The New Silk Road of China is especially interesting to Finland, because Finland joined as a founding member to the Asian Infrastructure Investment Bank (AIIB), which is the main source of funding of the New Silk Road. Finland’s former Minister of Treasury Antti Rinne argued in March 2015 the joining of Finland to the AIIB by saying that there is a huge need for infrastructure investments in developing Asia, which can support Finland’s trade policy goals and export industry.

Moscow has remarked the potential of Karelia

Russian government informed in June 2015 about the launch of the Karelian Development Program, which tells about the grown importance of the region. The Karelian Development Program aims to improve Karelia’s investment climate until 2020. Goals of the program include the renewal of the railway station of Värtsilä as an international border crossing station and the building of a border crossing station in Syväoro. However, Finland has already turned down the latter opportunity due to its costs.

Besides the Karelian Development Program there are only three equivalent regional development programs in Russia. The Ministry of Regional Development of the Russian Federation has even established a special unit dedicated to the development of Karelia, Kaliningrad and Crimea.

From all goals of the Karelian Development Program one is above all else from the point of view of Finland’s strategic interests. Plans about the building of international ports to Belomorsk and Kem could, if they come true, offer export of Finland its badly needed access to a year-round melt harbour. Moreover, the harbour would offer Finland access to the Northeast Passage, which will shorten distance between Europe and Asia by several thousands of kilometres.

There are clearly converging goals in the interests of Finnish business and Russia. Thus, President Vladimir Putin stated in his Presidential Address to the Federal Assembly on 3 December 2015 that the Northern Sea Route should become a link between Europe and the Asia-Pacific Region.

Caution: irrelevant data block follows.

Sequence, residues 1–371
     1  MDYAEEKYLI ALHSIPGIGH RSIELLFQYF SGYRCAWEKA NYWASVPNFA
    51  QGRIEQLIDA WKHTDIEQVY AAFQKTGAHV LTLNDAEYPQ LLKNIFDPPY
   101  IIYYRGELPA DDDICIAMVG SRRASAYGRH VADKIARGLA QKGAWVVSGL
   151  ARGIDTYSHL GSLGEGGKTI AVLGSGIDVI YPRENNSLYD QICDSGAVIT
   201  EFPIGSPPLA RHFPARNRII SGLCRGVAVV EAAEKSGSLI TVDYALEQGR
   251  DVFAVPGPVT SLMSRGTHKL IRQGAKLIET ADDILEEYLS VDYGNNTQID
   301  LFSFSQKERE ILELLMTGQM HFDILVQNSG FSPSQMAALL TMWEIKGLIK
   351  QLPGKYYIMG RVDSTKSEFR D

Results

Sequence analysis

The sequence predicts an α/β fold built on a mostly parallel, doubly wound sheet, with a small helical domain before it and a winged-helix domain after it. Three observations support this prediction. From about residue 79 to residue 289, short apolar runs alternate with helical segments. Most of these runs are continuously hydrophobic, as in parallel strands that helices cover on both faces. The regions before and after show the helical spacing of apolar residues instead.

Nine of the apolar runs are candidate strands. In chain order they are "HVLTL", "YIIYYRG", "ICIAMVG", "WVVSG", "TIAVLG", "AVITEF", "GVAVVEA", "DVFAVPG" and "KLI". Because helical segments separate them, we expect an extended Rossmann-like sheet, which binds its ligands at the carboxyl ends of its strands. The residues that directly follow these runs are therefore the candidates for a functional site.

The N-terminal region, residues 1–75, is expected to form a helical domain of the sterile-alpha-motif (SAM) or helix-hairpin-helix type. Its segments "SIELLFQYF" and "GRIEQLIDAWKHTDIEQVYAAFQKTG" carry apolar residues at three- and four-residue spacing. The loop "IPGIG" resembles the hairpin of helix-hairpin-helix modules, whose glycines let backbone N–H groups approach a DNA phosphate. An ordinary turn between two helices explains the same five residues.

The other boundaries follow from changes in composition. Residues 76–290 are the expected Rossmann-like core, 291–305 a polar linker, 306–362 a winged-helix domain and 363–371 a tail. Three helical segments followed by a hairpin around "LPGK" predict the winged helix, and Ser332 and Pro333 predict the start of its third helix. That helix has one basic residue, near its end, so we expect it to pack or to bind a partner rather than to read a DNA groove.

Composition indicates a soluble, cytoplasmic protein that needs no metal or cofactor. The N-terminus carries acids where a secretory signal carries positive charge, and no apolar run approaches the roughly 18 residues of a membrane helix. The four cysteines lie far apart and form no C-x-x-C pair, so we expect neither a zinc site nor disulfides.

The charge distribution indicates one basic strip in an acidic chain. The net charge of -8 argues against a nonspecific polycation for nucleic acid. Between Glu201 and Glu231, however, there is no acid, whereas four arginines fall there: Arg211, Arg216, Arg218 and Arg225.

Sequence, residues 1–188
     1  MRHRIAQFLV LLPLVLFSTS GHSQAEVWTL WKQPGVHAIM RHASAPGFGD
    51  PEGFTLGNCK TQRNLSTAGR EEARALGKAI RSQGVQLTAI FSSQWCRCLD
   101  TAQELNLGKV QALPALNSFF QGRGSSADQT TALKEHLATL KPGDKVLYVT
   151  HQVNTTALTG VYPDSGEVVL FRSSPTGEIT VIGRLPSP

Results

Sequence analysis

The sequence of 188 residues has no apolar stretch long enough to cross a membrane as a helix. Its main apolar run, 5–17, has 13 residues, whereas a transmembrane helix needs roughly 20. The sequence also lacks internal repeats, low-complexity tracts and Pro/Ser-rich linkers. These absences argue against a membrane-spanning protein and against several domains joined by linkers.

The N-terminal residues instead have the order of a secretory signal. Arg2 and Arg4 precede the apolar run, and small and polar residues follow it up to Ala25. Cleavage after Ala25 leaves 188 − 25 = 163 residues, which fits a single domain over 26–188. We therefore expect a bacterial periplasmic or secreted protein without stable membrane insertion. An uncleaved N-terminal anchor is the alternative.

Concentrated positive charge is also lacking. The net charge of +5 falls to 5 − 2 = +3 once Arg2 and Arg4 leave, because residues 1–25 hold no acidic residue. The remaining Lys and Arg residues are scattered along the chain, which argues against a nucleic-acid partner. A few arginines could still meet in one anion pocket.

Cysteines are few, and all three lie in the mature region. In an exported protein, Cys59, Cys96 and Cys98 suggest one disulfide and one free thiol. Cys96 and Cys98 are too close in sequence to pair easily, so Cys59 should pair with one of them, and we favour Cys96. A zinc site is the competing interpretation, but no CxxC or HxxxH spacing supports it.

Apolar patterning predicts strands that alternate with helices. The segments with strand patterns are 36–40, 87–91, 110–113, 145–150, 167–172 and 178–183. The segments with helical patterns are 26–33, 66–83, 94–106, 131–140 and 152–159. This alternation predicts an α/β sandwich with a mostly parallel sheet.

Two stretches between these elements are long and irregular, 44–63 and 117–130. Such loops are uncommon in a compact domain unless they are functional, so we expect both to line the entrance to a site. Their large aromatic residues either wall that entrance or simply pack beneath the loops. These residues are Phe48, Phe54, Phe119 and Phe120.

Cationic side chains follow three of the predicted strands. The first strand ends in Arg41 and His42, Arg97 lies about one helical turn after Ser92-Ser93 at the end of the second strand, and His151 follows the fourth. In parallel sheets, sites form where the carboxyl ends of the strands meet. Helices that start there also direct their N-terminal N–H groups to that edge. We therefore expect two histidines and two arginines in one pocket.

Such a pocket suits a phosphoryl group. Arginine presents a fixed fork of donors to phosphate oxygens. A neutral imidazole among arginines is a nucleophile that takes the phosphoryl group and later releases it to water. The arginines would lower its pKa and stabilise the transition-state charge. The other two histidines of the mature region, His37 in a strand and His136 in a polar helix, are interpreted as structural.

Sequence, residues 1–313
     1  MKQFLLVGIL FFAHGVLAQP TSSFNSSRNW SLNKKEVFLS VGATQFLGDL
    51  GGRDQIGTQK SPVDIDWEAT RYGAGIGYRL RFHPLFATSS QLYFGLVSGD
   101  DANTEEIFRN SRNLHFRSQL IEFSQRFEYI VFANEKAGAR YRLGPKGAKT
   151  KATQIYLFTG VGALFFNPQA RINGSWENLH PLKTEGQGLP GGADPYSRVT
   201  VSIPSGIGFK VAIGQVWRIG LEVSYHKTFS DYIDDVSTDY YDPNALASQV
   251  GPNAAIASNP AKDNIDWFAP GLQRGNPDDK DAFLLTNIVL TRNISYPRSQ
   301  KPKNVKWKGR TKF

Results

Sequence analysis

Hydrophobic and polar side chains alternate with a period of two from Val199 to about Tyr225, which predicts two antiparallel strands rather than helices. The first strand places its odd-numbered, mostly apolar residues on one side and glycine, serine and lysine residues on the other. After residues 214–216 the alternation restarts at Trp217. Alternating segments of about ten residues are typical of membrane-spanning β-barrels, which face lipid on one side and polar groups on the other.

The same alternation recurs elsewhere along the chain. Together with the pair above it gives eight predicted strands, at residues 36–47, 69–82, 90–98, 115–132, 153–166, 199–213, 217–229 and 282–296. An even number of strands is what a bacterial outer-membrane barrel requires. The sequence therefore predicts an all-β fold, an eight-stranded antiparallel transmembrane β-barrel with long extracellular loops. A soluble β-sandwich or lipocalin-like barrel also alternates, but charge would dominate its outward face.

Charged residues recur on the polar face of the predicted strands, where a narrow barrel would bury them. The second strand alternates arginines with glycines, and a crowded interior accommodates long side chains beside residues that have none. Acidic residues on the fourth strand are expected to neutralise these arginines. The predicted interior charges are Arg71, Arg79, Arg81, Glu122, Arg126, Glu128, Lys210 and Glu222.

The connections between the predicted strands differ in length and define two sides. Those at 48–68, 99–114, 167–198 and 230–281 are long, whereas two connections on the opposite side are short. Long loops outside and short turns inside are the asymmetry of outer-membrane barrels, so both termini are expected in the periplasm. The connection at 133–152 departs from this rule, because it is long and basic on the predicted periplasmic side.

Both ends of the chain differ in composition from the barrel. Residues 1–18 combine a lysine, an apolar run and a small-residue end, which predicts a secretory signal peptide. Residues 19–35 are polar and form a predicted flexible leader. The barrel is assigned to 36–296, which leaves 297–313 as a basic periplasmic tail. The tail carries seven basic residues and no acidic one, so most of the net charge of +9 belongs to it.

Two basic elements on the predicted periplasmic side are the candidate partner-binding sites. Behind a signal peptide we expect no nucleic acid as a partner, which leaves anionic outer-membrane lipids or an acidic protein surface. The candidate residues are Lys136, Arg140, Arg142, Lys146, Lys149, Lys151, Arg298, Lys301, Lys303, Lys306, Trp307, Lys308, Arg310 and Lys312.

The decision of the Head of Karelia Alexander Hudilainen to exploit the Russian new geopolitical direction based on the country’s membership in the BRICS and the Shanghai Cooperation Organization and use the New Silk Road as its leverage is an excellent decision from the point of view of the economic development of the Republic of Karelia. At the beginning of his incumbency, Mr. Hudilainen visited Finland several times in order to attract foreign direct investment and Finnish entrepreneurs to Karelia with help of a new advantageous investment law, but, however, without any success worth mentioning.

Karelia’s geographical location seems totally different compared to the situation a few years ago due to China and the launch of the New Silk Road project. Similarly to Russia’s role as the New Silk Road’s bridge between China and Europe, Karelia can be Finland and other Nordic countries’ bridge to the New Silk Road and to economic opportunities of China. Geographical and at least partly still existing linguistical and cultural proximity could help Karelia to function as a springboard of the Finnish business to Russian and Chinese markets.

More sanctions or towards new opportunities?

Relations between the European Union and Russia and the leeway they give to Finland in order to promote its own economic interests determine will Finland be able to benefit from the opportunities of Chinese markets through Russia and Karelia. On the other hand, in order to get leeway in foreign and trade policy, Finland either has to resign from the EU’s common foreign and security policy, which promotes classical goals of transatlantic geopolitics, or a turn in decisions taken by Brussels to a more favourable direction from the point of view of exploitation of opportunities of the east.

The United States tried to block the participation of its allies to the Asian Infrastructure Investment Bank, which is essential information from the point of view of the building of Finland’s trade relations. As George Friedman, founder and chairman of Stratfor, has pointed out, the primordial interest of the United States is to stop a coalition between Germany and Russia. The phenomenon is related to a classical geopolitical struggle between maritime and land powers, determined by Harold Mackinder, according to which the main goal of the maritime powers is to prevent a coalition of Russia and Germany.

Austrian research institute WIFO (Österreichisches Institut für Wirtschaftsforschung) estimated in its research published in June 2015 that 40 000 jobs are under threat because of the sanctions the EU has imposed on Russia and decreased number of Russian tourists visiting Finland. It remains to be seen whether Finland will concentrate on constructive economic cooperation e.g. in order to exploit the transport routes of the New Silk Road and the Northeast Passage after voluntarily damaging its own economy by sanctions.

Sakari Linden is a geopolitical writer, who holds Master’s degrees in
Political Science and International Law.”